“I have to go to the barn now,” I told my wife.
“To feed Pumpkin and Betty and Roxy?”
“Mostly to be in the barn. But to feed the livestock, yes, that, too.”
(Pumpkin and Betty are the barn cats. Roxy is Bob’s rabbit, which I’m trying not to kill while I’m taking care of it this week. Bob and the rest of Seed’s family are on a Florida vacation.)
Honey understood why I needed go to the barn, to be away from computer frustrations for awhile. For the rest of my life, if I could manage it.
I bought Honey a new computer on Amazon because it is tax season and the previous Acer laptop I bought for her a couple of years ago has become so slow it would be faster to chisel everyone’s tax returns on stone tablets.
The beautiful new HP laptop arrived. I plugged it in. We chose a password and pin number, and placed the Turbo Tax Home and Business CD onto the CD drawer, a feature which this laptop has, though hardly any new computers do today.
Everything is in The Cloud now. You put things up in The Cloud. You fetch them down from The Cloud and play with them, and put them back up into The Cloud again. The Cloud has massive gargantuan unlimited God-like storage which you will never fill up, until you do, and then you have to buy space to put more stuff into The Cloud.
The Cloud is like the barn, except when we fill it up we have to empty space out again or there will be no place to put the new stuff that comes in. New stuff always comes in.
TURBO TAX would not load. The CD would spin and then quit. I tried to download it from the internet. From The Cloud, I suppose. That didn’t work either.
I called Turbo Tax and the nice technician logged onto our new computer.
“Aha!” he said. “You have trojans in your router. Not your computer. Your router. And would you please plug your computer in because it’s almost out of battery.”
“It is plugged in,” I said.
“Uh-oh,” he said.
I called HP.
“My new HP laptop isn’t charging,” I told the nice tech. “And Turbo Tax says I have trojans in my router.”
“What is the serial number on the unit? And the model name? And your mother-in-law’s middle name?”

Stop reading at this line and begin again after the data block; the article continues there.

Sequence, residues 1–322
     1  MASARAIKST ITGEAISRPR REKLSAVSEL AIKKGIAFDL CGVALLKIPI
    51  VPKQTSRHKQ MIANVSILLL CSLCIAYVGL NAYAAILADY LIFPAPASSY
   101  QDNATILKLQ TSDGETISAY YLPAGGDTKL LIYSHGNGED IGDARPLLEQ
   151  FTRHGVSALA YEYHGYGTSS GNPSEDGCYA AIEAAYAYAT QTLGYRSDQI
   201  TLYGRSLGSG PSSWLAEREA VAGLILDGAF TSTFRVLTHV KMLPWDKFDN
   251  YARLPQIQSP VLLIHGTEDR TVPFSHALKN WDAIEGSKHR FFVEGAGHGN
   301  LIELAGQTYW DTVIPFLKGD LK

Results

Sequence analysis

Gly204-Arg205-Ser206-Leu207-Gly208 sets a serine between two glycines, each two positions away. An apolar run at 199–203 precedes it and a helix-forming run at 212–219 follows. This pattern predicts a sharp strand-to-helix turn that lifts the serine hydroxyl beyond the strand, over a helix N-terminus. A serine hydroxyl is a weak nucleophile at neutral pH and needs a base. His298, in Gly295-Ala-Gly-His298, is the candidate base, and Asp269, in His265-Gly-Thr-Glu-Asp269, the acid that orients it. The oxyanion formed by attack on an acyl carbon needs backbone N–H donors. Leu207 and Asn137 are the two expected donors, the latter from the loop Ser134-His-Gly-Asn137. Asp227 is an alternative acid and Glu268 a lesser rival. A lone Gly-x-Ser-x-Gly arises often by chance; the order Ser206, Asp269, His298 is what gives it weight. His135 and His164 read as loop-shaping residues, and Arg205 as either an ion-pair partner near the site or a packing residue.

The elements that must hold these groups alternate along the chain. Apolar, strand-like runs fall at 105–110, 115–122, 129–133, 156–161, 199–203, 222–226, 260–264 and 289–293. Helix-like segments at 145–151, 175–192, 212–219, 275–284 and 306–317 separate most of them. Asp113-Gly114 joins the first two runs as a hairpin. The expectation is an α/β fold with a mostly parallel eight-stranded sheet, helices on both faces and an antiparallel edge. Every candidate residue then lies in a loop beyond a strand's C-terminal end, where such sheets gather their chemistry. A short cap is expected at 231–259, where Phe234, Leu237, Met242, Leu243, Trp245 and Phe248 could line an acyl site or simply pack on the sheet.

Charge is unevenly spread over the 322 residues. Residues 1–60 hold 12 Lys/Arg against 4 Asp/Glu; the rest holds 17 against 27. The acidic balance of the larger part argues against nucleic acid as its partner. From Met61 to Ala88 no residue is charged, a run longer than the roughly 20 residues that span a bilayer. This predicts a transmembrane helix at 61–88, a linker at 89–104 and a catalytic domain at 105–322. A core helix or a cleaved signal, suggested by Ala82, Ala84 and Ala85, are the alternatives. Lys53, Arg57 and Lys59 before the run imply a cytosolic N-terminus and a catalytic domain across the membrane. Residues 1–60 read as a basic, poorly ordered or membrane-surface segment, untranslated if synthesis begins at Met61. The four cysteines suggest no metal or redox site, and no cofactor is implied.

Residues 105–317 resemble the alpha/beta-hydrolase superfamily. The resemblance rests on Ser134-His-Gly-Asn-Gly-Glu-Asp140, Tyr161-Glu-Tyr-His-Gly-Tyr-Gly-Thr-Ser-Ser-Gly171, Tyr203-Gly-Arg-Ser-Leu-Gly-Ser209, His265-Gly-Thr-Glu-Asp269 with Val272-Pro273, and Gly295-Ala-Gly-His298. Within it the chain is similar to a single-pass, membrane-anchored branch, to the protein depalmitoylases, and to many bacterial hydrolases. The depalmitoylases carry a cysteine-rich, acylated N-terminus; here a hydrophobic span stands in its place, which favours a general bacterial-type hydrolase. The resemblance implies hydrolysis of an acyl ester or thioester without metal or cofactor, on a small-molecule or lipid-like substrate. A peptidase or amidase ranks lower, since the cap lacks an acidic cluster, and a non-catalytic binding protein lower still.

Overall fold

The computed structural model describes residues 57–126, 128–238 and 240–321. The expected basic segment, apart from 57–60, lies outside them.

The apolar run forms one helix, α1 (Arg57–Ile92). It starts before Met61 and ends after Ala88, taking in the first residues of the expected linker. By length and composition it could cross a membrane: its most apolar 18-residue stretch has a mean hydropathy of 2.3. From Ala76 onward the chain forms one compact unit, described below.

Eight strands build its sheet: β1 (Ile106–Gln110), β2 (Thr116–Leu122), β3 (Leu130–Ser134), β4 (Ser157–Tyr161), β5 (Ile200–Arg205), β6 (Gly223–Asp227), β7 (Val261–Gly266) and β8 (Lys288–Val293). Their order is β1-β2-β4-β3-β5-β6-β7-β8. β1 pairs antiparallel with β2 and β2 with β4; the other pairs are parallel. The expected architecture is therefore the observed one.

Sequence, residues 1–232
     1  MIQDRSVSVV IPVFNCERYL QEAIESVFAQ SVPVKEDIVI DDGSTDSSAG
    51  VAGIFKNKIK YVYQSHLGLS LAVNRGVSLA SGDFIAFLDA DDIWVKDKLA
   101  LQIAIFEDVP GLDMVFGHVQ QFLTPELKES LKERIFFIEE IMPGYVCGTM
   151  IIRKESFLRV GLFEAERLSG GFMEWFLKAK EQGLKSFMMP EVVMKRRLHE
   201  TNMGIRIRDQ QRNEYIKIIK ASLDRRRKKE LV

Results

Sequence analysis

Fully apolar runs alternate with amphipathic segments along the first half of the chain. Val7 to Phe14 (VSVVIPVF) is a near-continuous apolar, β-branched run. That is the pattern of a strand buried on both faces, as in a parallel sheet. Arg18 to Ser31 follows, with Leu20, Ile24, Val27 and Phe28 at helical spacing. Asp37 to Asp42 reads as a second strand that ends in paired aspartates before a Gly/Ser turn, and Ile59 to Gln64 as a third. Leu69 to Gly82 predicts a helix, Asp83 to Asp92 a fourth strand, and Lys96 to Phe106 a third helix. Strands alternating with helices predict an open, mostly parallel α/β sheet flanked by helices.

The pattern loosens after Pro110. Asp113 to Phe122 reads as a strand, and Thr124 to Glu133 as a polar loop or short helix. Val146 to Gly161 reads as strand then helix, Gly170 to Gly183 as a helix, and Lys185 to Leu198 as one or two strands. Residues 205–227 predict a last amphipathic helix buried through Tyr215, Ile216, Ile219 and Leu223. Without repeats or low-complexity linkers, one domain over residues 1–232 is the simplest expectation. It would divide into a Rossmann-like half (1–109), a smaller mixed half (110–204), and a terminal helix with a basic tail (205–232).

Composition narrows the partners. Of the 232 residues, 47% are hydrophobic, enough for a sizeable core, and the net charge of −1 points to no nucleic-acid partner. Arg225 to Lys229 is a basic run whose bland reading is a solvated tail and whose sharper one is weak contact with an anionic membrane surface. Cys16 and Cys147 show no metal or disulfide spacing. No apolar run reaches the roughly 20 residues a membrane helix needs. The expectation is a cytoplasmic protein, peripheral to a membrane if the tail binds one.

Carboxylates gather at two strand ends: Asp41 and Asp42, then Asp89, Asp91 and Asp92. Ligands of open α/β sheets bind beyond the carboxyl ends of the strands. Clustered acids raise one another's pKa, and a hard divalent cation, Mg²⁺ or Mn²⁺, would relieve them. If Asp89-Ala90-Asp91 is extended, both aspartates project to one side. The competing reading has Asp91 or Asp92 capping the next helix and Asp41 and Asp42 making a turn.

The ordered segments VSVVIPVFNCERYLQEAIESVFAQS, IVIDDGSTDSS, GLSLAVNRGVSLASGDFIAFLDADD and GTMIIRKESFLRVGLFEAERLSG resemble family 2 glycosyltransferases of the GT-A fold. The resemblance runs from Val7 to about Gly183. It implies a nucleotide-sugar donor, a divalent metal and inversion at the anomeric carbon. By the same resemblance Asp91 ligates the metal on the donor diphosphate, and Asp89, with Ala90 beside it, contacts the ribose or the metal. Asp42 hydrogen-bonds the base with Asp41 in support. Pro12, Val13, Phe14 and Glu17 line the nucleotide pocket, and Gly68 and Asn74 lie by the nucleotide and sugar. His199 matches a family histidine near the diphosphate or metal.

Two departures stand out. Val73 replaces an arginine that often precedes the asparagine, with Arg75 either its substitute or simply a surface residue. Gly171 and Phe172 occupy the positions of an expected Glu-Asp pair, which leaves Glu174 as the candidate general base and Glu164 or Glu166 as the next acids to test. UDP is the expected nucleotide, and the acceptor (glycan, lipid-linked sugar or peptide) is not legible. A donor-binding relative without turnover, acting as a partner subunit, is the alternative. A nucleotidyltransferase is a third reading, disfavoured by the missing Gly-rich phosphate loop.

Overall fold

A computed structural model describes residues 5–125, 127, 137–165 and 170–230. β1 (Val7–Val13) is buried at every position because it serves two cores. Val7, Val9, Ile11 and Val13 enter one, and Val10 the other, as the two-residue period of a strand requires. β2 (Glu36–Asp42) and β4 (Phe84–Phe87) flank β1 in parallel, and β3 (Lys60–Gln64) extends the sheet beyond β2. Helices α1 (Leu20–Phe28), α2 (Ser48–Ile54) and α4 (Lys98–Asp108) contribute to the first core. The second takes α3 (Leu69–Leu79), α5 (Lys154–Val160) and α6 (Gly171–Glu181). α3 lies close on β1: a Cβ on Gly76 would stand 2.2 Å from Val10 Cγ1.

I turned the laptop over and got a magnifying glass to read the miniscule print.
“Serial number XXy7uukkg6upyours – refurbished. Wait. Refurbished? The Amazon ad said it was new.”
She said she’d send me a new power cord and there’s no such thing as trojans in a router.
I CALLED my friend Jimbo, a computer guy by trade. He lives nearby.
“I hate to bother you, b-b-but …” He could tell I was close to tears, and told me to come on over.
Jimbo had an HP power cord that fit. The computer began taking a charge. He fiddled with the CD driver and got it working. He loaded Turbo Tax.
“Do you have an anti-virus?” he asked.
“I bought McAfee anti-virus and Microsoft Office software but they have to be activated. The email said the activation codes are in my digital locker but didn’t tell me how to find my digital locker.”
He didn’t know where my digital locker is, and said there’s no such thing as trojans in a router.
“GOOD NEWS!” I told Honey when I got home. “But bad news first: your laptop is refurbished, not new, and we might have trojans in our router. But the good news is that Jimbo got the computer running and loaded Turbo Tax!”
“Why aren’t you jumping for joy?”
“I’ll believe it when I print off the first tax return,” she said soberly. Honey is like the stock market, always discounting the present and trading on the future.
She was much happier when she printed off that first tax return.
“We should do something for Jimbo and Rebecca of Sunnybrook,” Honey said. “A gift card for a restaurant or something.”
Then she told me that she saw a raccoon sitting on our stoop in broad daylight yesterday.
“That’s not normal. It might be sick,” Honey said. “You should set the live trap for it. I wonder where they like to eat?”
“Oh, I don’t know. On a log, I guess. Wherever they find food.”
She was talking about Jimbo and wife, of course. Her train of thought can be hard to follow sometimes, and mine is easily derailed.
Gosh, I hope I can find my digital locker.